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Geopolitics

  • Global Energy Advisory - 29th August 2014

    Geopolitical/Conflict DevelopmentsIraqi Oil UpdateIraqi government forces have reportedly thwarted another attempt by the Islamic State (IS) to take over the Baiji refinery in northern Iraq. This refinery accounts for around one-third of Iraq’s total production, but produces for the domestic market, not exports. Key producing fields, for exports, in the south remain unaffected so far by the IS advance. In the meantime, Iran has come out with clear support for new Iraqi Prime Minister, Shi’ite Haider al-Abadi, after the ouster of Nouri al-Maliki.  Iran has also been providing Iraqi Kurdish forces with weapons to fight back IS in the north,…

  • Libya May Be Focus Of Major Rift Between US And Regional Allies

    It had become clear by late August 2014 that Libya could no longer be seen as a unified state; at best it was in two parts, even with the communal leaderships of both sides professing a desire to resume national unity. By late August 2014, the country had two parliaments: one elected by the Libyan people, and the other given legitimacy solely by foreign support.   The situation seemed so intractable by that point that it was possible that a full military intervention by regional states, perhaps spearheaded by Egypt, could be attempted, with the goal of stabilizing the country and…

  • What Territorial Dispute? Vietnam Moves To Repair Relations With China

    The government of Vietnam is sending a senior politburo member to China to help repair relations that were strained over Beijing’s deployment of an oil rig in waters of the South China Sea claimed by Hanoi.The move, on May 1, started a serious dispute between the two countries, sparking violent and often deadly demonstrations in Vietnam and confrontations at sea between Vietnamese boats trying to approach the rig and Chinese coast guard vessels sent to protect it.Two-and-a-half months later, China withdrew the $1 billion rig, the Haiyang Shiyou 981, saying it had completed its work and should be moved out…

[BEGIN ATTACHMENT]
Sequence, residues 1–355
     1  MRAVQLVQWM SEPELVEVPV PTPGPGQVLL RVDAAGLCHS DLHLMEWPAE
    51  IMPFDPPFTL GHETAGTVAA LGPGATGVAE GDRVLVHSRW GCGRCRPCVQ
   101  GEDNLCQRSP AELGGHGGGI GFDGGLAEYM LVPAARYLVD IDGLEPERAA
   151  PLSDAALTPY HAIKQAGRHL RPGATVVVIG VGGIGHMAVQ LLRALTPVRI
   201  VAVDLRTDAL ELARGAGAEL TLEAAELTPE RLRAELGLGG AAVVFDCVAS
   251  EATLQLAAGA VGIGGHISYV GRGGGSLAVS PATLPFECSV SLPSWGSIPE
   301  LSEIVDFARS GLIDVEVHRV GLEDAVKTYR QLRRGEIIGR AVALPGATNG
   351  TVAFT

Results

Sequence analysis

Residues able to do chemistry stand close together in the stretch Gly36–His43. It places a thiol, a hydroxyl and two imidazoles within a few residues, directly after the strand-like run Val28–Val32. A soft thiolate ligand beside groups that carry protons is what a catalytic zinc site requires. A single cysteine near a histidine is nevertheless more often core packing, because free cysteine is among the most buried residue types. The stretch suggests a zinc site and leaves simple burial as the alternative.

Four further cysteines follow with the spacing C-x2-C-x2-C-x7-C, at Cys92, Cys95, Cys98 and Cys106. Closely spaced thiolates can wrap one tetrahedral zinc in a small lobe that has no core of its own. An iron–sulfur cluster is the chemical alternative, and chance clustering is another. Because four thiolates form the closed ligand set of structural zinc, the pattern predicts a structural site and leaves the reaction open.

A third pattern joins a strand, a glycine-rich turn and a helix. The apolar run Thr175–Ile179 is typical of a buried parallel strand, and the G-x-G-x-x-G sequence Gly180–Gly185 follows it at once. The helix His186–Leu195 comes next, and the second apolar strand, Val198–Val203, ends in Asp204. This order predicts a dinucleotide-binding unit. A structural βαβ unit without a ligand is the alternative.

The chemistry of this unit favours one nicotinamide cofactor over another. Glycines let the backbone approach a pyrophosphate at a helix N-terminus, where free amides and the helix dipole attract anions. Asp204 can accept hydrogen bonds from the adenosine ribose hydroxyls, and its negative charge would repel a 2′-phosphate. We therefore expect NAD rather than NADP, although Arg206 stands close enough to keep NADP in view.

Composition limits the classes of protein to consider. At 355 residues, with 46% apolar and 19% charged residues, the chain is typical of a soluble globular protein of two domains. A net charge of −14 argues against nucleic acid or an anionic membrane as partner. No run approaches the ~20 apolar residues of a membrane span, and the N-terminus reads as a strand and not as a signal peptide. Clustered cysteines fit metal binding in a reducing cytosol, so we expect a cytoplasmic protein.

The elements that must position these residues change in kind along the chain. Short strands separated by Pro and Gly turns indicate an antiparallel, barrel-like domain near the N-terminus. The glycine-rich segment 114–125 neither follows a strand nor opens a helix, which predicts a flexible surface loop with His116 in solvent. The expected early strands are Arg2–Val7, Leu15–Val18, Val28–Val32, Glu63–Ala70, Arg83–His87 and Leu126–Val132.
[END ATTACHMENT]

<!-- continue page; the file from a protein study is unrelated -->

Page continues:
• 3 Things A Deal With Iran Would Likely Include

    In mid-July, negotiators from the so-called P5+1 (the United States, United Kingdom, France, Germany, Russia, China and the European Union) reached a mutual agreement with Iran to extend an interim six-month agreement for another four months. The agreement extends concrete constraints on Iran’s nuclear program -- in particular, a halt to Iran’s production of 20 percent enriched uranium --  in return for modest and temporary sanctions relief for the Islamic republic. It will provide more time for negotiators to conclude a permanent agreement defining the future size and scope of Iran’s nuclear program in exchange for comprehensive sanctions relief.Although reports…

  • Russia’s Nuclear Revival And Its Challenges

    Russia is slowly but surely replacing its aging stockpile of Soviet-era nuclear weapons with an arsenal that’s fit-for-purpose in the 21st century. Richard Weitz reminds us, however, that a weakening Russian economy and less-than-favorable international climate may yet derail Moscow’s efforts to revive its nuclear prowess.Although attention is naturally focused on the role of Russia’s conventional forces in the Ukraine conflict, we should not overlook the modernization of the country’s nuclear forces. The last few years has seen Moscow make great progress in stabilizing Russia’s decaying nuclear arsenal. The Russian government considers its nuclear weapons as its best tool of…